ISSN 2330-717X

India: Troubling Spike In Manipur – Analysis

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By Giriraj Bhattacharjee*

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On February 20, 2022, two Indo-Tibetan Border Police personnel were injured in an Improvised Explosive Device (IED) explosion in Wangoo Tera area of Kakching District.

On February 12, 2022, an Improvised Explosive Device (IED) was detonated inside the Ukhrul Forest Division Office in the Phungreitang area of Ukhrul town. No casualty was reported in the incident.

On February 11, 2022, a grenade was hurled at the gate of the residence of Mohamad Fakhruddin, a National People’s Party supporter, at Khabeisoi in the Imphal East District.

On January 12, 2022, a Zeliangrong United Front (ZUF) militant, ‘lance corporal’ Pouluanthai Gangmei, was abducted and subsequently killed by the Nationalist Socialist Council of Nagaland-Isak-Muivah (NSCN-IM) in an area between Awangkhul and Warngkhung under the Noney Police Station of Noney District.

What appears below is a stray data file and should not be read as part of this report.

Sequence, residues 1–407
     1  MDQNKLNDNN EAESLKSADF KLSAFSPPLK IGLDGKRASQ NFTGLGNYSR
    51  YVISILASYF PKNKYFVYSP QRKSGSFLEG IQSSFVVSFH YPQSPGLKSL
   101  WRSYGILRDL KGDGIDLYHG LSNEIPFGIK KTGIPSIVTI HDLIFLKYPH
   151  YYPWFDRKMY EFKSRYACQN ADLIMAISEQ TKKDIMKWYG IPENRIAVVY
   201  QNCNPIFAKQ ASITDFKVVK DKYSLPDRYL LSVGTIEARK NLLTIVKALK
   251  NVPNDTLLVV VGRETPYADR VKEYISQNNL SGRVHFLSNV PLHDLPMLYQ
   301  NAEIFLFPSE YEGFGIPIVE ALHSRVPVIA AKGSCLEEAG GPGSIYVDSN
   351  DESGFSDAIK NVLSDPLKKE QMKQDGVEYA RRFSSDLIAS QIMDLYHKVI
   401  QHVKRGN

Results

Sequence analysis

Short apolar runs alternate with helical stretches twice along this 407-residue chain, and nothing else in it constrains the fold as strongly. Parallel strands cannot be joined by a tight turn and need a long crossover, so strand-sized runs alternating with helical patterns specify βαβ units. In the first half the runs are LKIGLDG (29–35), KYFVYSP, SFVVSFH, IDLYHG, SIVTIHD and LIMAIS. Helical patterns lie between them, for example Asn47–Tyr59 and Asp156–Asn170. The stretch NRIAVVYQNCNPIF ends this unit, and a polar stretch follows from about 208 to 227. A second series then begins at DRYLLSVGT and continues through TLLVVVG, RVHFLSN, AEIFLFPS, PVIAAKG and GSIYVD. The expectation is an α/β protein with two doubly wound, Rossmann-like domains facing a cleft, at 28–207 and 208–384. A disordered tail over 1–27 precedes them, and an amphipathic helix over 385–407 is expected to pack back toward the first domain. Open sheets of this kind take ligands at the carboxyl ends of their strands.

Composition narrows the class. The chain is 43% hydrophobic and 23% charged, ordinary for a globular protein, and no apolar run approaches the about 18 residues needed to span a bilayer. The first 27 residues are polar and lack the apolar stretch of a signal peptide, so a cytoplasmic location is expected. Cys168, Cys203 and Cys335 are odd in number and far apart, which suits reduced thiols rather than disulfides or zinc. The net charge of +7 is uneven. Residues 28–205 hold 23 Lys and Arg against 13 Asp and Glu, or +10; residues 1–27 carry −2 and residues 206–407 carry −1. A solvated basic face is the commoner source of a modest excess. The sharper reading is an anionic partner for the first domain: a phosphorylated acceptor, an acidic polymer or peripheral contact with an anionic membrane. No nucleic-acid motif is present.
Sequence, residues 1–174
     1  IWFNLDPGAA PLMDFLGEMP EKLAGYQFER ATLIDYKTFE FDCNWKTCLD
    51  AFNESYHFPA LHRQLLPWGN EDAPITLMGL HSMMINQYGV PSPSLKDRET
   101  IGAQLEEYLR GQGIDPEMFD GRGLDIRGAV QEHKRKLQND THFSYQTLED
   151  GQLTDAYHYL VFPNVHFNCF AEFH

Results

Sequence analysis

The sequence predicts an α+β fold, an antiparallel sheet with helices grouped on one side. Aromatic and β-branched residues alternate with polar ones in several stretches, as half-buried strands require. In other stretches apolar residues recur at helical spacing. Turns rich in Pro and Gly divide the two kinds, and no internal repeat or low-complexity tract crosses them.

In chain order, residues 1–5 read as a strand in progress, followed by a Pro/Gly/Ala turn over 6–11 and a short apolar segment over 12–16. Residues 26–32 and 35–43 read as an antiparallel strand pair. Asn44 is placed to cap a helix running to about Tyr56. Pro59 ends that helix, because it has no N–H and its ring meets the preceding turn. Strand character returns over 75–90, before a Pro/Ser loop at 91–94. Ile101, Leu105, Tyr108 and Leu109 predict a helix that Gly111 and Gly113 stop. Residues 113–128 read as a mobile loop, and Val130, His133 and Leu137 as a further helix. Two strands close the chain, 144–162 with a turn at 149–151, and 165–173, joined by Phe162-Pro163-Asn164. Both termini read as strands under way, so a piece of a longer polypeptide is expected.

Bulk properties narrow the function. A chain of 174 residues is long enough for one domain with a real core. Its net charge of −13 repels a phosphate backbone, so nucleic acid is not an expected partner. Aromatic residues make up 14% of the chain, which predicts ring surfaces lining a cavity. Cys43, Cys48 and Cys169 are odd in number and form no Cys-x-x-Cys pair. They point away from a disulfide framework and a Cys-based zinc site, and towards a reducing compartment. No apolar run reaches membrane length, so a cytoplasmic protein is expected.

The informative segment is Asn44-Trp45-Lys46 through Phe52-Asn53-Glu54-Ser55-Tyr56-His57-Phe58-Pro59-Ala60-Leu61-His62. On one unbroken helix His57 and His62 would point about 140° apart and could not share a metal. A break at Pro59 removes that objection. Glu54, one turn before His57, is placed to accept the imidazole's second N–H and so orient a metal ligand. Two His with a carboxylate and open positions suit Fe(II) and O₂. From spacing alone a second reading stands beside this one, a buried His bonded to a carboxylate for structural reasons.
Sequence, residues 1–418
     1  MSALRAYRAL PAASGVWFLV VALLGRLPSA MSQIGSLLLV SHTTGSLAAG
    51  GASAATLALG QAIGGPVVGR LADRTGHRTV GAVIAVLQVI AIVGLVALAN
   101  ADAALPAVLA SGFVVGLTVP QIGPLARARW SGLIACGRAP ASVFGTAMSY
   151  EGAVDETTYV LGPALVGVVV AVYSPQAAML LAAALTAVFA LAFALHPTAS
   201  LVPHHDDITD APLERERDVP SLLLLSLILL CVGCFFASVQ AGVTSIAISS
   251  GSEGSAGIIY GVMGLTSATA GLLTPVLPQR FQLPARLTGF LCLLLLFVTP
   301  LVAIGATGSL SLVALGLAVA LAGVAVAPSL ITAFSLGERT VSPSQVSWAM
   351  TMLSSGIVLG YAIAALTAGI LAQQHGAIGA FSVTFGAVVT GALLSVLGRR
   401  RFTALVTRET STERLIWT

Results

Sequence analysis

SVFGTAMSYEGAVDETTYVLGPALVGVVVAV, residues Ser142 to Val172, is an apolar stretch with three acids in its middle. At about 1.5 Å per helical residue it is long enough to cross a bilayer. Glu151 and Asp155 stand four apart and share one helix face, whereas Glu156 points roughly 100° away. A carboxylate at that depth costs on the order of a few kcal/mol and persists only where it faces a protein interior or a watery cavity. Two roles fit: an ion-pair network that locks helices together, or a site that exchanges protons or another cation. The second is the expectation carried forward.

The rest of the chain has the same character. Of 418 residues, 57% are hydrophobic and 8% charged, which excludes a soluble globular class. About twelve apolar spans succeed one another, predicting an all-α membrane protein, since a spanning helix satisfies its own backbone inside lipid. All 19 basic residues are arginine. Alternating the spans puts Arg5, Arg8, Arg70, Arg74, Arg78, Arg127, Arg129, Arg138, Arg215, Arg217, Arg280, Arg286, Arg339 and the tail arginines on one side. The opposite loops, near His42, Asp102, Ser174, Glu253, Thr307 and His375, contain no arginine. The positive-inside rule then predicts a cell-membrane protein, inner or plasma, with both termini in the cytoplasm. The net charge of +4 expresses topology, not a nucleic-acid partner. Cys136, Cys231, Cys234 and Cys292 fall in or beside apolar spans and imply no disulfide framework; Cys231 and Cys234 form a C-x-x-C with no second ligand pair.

According to partial data compiled by the South Asia Terrorism Portal (SATP), two fatalities have been recorded in the State since the beginning of 2022 (data till February 20, 2022).

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On January 5, 2022, one Assam rifles trooper was killed in an IED explosion at Lilong Ushoipokpi Sangomsang, along the Imphal-Moreh Road in Thoubal District.

The South Asia Terrorism Portal (SATP) database indicates that Manipur has already recorded 32 terrorism-linked incidents in 2022 (data till February 20), including two incidents of killing, resulting in two fatalities. During the corresponding period in 2021, the State recorded 23 terrorism-linked incidents, including one incident of killing, resulting in one fatality.

The State recorded a total of 27 fatalities [eight civilians, five Security Force (SF) personnel and 14 militants in 11 incidents of killing through 2021. In 2020, four incidents of killing led to seven fatalities – one civilian, three SF personnel, and three militants. Significantly, fatalities registered in 2020 were the lowest in the State since 1992. Seven incidents resulted in nine fatalities – four civilians and five militants – in 2019; 21 incidents led to 23 fatalities – seven civilians, seven SF personnel, and nine terrorists – in 2018; and 37 incidents resulted in 55 fatalities – 23 civilians, nine SF personnel, 22 terrorists, and one not specified – in 2017. There were 36 fatalities (14 civilians, 13 SF personnel, nine terrorists) in 2016.